The primary function of human resources is to ensure the company complies with federal and state labor and employment laws, such as Title VII of the Civil Rights Act of 1964 and the Occupational Safety and Health Act of 1970. Employees are the HR department's internal customers; therefore, HR's obligation to serve its customers is another function of the department. Within those two areas -- compliance and customer service -- the core responsibilities of HR include transactional and functional activities, such as establishing compensation structure, addressing employee relations matters, recruiting qualified applicants and maintaining workplace safety.


The HR department is responsible for posting job vacancies, conducting preliminary interviews and coordinating pre-employment processes, such as drug testing, background investigations and reference checks. In small businesses, these positions may be filled by HR generalists, who have expertise in every HR discipline. Therefore, the company doesn't need to hire an employment specialist or a recruiter to perform these tasks. These core responsibilities ensure that candidates are properly vetted and that the organization has adequate staff.


Employers have an obligation to provide a safe work environment. HR's primary responsibility related to workplace safety is compliance with federal guidelines established by the U.S. Occupational Safety and Health Administration. Specific activities include monitoring safety equipment, training employees on the proper handling of complex machinery and potentially dangerous chemicals, and providing ergonomically sound office equipment and seating. In addition, HR develops workplace safety policies, such as evacuation plans and policies that address workplace violence. HR is also responsible for implementing the organization's drug-free workplace policy.

Employee Relations

When employee issues arise or when there are supervisor-employee or employee-employee conflicts, HR's responsibility is to process employee complaints, investigate and resolve those issues. Workplace issues could range from an employee's dissatisfaction with her performance appraisal to an employee alleging that her supervisor engaged in improper behavior, such as sexual harassment. These activities fall under the HR employee relations area, and they generally are performed by an HR staff member who is specially trained to handle sensitive workplace issues. The HR staff member who handles these matters is also the company representative for legal matters and the liaison between legal counsel and the organization.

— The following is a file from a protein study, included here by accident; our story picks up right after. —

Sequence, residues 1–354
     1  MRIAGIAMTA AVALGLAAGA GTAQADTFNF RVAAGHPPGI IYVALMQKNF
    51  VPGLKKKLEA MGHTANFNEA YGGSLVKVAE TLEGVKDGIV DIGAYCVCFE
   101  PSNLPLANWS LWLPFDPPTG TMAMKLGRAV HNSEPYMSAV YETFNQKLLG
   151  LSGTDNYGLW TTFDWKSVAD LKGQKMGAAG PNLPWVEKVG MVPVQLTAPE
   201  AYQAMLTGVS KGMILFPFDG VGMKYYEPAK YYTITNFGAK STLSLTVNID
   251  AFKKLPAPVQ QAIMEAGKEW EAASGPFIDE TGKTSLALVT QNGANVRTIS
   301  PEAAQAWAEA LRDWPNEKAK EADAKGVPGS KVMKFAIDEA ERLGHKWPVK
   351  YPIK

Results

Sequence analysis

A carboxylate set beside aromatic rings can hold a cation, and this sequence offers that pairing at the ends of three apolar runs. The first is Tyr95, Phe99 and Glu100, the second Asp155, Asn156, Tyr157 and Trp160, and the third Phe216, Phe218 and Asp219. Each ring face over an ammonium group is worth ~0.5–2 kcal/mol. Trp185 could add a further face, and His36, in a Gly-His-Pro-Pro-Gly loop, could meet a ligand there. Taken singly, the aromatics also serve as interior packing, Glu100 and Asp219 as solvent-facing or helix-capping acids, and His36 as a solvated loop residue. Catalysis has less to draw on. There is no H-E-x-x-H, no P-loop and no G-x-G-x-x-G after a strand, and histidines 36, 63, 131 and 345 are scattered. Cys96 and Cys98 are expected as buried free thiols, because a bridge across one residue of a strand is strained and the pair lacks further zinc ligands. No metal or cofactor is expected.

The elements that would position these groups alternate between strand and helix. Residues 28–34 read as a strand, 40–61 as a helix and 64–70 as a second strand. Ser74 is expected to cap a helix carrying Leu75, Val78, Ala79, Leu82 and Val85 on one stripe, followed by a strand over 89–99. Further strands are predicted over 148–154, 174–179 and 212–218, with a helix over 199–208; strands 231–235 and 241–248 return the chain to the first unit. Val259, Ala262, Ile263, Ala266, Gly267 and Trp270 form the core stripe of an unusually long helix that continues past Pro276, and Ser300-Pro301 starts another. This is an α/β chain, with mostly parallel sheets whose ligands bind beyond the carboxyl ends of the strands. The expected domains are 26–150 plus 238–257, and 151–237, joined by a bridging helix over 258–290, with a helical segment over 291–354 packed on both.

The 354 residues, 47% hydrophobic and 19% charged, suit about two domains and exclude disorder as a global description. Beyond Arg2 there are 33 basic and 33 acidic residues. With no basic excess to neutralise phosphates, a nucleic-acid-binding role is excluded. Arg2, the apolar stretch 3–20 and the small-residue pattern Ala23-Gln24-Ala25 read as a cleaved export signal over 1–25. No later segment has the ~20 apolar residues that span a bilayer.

Compensation and Benefits

Wage-setting and negotiating rates for group health insurance coverage are core responsibilities of HR. Specific tasks that HR handles include administering the compensation plan and ensuring there's pay equity throughout the workforce. In addition, benefits specialists or someone with authority to negotiate on the company's behalf shops for benefits such as health insurance coverage, workers compensation and disability insurance. Another responsibility of HR includes processing employees' leave requests covered by the Family and Medical Leave Act.


HR leadership establishes goals for the HR department, and importantly, participates in the decision-making process for determining the overall strategic direction of the company. In highly structured organizations, HR generally has input on all business decisions because human resources are among the most valuable resources that an organization has. Specific functions include reporting to the executive team about succession planning, compliance issues and the effect that compensation has on employee satisfaction and the company's reputation.